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World Bank, Washington, DC
Africa | Malawi
2016-06-21T19:15:14Z | 2016-06-21T19:15:14Z | 2016-05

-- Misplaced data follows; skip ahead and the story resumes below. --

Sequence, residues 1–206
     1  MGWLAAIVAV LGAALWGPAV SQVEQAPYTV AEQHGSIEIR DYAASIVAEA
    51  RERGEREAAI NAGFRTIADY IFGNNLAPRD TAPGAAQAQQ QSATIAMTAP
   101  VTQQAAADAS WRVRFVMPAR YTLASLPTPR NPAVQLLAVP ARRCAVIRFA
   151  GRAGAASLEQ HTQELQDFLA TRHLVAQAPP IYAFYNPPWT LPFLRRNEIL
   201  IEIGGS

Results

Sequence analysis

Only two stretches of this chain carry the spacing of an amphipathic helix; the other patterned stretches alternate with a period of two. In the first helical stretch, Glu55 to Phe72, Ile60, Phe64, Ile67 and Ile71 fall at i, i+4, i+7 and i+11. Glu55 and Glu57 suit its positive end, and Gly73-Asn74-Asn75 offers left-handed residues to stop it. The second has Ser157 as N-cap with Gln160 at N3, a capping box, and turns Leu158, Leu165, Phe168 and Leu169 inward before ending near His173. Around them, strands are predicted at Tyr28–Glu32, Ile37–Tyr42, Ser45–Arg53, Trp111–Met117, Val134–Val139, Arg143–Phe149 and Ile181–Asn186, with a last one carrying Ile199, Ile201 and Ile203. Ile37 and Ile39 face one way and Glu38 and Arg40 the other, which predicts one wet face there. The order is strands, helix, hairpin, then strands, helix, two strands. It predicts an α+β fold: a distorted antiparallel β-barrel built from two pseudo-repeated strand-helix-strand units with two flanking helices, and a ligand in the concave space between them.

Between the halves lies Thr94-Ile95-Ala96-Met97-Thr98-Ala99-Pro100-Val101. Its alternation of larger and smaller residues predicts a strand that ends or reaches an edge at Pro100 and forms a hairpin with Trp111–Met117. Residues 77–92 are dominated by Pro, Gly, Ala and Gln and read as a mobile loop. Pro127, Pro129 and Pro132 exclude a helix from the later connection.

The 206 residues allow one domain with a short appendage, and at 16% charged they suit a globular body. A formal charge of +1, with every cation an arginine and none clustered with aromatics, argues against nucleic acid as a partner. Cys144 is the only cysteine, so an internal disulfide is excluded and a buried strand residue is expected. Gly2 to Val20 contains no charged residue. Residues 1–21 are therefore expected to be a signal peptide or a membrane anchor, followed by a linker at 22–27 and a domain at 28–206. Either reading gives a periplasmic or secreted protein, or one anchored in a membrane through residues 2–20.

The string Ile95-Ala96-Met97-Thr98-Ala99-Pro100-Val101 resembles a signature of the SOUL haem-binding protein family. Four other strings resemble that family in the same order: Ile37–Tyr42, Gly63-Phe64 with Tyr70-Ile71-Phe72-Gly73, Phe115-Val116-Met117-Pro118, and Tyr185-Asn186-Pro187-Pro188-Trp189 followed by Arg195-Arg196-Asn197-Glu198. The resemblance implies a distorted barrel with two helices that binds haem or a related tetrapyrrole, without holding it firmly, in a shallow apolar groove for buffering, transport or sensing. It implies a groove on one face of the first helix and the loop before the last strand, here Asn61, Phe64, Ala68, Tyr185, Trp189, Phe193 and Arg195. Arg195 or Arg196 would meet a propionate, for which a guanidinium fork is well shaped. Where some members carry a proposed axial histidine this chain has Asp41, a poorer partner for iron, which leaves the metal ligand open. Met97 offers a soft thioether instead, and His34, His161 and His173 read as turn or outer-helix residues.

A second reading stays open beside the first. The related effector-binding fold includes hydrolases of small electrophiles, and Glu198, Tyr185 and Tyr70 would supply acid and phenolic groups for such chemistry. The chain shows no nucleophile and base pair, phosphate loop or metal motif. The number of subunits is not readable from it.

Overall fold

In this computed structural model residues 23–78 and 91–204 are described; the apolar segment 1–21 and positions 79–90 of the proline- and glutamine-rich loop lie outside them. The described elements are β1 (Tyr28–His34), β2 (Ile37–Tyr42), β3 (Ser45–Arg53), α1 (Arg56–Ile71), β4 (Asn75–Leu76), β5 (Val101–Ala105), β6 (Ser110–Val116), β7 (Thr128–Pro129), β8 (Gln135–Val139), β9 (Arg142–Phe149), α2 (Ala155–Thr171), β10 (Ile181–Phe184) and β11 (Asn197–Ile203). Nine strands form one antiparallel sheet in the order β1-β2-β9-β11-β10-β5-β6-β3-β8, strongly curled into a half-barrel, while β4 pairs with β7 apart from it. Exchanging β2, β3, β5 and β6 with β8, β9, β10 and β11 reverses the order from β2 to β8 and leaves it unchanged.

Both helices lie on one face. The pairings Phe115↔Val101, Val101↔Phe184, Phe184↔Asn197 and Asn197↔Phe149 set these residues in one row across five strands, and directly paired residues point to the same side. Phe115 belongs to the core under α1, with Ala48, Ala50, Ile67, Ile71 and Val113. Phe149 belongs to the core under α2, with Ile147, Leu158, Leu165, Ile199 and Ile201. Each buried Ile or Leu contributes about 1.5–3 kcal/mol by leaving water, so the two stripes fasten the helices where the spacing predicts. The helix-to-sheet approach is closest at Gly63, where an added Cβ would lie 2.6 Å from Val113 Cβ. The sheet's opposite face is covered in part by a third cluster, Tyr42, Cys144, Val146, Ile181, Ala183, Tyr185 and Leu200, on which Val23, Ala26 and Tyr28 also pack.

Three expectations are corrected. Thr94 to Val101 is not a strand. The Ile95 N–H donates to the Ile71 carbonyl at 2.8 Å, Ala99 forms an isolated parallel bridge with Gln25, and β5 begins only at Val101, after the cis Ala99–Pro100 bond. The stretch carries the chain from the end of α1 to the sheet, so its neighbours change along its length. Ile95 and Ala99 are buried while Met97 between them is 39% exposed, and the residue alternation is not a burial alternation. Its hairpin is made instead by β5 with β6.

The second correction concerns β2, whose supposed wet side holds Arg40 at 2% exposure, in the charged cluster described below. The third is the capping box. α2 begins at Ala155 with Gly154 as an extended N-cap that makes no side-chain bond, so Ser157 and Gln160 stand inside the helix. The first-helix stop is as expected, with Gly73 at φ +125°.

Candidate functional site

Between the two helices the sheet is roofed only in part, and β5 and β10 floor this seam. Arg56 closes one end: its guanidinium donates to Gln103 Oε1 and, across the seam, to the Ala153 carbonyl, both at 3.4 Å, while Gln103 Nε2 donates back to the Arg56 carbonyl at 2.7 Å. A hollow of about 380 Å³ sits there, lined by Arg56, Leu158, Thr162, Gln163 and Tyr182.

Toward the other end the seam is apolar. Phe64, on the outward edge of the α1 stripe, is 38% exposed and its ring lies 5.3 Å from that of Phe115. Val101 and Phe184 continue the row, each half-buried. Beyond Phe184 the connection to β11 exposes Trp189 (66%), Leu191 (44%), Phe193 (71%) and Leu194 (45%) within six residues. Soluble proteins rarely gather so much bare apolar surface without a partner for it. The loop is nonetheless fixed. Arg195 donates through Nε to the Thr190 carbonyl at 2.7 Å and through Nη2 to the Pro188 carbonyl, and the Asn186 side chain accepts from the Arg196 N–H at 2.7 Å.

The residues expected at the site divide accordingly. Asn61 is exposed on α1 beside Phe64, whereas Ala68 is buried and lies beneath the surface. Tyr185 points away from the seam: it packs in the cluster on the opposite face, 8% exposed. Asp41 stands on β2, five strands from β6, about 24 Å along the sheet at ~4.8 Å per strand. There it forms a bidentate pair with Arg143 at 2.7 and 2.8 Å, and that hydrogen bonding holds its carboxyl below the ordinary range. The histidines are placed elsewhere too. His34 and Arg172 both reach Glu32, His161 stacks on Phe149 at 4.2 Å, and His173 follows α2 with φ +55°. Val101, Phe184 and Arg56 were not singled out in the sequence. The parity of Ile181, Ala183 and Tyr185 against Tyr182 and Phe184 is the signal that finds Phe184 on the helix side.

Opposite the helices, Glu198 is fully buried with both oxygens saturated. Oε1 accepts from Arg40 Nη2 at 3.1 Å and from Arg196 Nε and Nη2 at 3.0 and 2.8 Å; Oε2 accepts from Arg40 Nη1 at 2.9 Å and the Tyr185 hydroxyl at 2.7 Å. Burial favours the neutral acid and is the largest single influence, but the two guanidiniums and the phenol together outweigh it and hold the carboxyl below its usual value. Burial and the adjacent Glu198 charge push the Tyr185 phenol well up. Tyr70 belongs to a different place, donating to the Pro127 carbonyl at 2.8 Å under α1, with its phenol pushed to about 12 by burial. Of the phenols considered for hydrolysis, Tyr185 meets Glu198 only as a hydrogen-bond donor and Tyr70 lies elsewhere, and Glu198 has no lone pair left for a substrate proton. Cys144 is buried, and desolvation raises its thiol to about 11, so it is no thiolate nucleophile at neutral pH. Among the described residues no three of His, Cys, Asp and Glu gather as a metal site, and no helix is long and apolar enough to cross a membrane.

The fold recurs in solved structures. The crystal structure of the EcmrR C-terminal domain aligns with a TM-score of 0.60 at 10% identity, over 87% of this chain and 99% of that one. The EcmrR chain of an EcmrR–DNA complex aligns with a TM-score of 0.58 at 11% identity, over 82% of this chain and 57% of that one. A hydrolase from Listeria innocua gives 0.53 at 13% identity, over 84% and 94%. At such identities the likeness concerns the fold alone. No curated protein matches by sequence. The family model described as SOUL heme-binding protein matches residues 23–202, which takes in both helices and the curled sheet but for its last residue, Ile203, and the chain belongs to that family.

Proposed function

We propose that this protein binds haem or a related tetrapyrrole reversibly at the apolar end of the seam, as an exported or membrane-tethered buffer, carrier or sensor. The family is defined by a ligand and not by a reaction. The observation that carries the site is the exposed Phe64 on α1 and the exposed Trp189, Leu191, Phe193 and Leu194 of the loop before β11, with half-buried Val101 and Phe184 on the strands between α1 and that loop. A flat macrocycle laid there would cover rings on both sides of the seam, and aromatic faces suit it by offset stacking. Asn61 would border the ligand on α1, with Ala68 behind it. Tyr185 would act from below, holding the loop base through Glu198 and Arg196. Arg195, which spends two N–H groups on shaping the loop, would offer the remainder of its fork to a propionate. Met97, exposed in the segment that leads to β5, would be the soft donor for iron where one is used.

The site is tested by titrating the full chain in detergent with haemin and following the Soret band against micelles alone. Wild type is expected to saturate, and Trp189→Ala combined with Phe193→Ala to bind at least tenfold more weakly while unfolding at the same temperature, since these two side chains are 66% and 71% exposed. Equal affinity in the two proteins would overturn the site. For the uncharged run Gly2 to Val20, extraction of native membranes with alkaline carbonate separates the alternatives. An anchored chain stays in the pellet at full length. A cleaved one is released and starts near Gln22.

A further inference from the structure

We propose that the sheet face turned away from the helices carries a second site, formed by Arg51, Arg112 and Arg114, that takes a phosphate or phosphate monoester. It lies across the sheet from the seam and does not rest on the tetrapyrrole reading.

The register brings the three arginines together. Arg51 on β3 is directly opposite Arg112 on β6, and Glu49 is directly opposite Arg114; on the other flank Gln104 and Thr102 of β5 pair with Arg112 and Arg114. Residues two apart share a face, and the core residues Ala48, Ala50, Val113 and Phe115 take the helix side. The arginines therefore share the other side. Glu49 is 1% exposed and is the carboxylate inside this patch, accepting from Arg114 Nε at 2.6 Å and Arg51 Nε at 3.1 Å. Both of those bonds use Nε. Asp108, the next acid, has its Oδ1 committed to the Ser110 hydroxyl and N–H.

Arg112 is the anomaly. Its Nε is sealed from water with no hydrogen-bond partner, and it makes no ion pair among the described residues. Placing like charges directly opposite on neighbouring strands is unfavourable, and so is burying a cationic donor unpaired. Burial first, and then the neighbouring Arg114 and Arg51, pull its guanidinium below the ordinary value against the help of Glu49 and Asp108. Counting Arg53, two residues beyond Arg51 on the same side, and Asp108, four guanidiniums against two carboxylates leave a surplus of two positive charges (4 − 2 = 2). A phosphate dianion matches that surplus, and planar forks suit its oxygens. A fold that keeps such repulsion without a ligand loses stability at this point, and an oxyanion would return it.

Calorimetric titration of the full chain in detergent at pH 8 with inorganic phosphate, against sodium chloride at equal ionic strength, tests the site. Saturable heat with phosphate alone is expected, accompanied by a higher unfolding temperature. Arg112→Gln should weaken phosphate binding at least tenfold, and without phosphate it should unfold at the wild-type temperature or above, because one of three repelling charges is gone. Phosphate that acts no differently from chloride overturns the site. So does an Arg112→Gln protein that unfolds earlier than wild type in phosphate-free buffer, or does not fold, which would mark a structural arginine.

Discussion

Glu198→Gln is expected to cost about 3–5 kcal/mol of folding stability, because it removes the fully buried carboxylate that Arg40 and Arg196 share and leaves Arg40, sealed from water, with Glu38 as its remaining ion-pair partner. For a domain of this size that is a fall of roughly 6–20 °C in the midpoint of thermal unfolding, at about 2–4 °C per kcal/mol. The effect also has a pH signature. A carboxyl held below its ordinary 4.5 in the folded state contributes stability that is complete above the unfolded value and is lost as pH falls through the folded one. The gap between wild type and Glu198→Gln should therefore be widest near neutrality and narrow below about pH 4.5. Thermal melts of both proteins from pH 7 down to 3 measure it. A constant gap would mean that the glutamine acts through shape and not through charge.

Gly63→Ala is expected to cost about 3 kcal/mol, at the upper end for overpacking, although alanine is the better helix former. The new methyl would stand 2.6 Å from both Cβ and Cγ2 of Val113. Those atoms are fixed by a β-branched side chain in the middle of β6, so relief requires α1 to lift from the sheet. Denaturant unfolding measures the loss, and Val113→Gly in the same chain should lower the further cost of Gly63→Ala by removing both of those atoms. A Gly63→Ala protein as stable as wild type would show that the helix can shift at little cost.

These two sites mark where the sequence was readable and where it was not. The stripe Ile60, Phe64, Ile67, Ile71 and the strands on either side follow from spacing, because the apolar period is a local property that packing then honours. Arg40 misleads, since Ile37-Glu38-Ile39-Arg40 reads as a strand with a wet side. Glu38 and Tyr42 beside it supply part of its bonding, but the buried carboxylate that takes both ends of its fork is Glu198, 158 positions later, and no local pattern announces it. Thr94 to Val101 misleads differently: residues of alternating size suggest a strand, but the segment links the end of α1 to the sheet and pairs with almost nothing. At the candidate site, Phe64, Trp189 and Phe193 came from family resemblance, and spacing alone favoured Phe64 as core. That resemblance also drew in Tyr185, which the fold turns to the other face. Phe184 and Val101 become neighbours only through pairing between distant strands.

Early Childhood Development (ECD) is a holistic concept that refers to the physical, cognitive, socio-emotional, and linguistic development of young children until the time they transition to primary school. This policy brief highlights that developmental gaps in the early years of a child’s life do not narrow by themselves over time, are likely to be particularly severe for children born to teenage mothers, and lead to costly consequences for individuals, families, and societies. In turn, this policy brief also documents that strong evidence exist on the significant benefits that quality ECD interventions yield in both the short and longer terms. Different types of ECD interventions are most relevant and are complementary at different times of a child’s development. For example, interventions to promote infant and child health and to reduce malnutrition are most effective in the 1,000-day window from pregnancy to a child’s second birthday, and programs that enhance both early stimulation and nutrition are more likely to generate long-lasting impacts than nutrition alone. Strong evidence also exists on the positive impacts of high quality center-based programs for young children (i.e. daycares and preschools), including in low and middle-income countries, and these types of programs can also generate positive impacts for other family members, including caregivers and siblings. Finally, providing cash transfers to families can be an effective way to enhance the ECD outcomes of the poorest children, especially when combined with specific health, nutrition, and early stimulation interventions. In sum, this policy brief provides an overview of why early childhood is a critical period of human development and of the several types of ECD interventions that have been proven effective to improve children’s development and life-long prospects.


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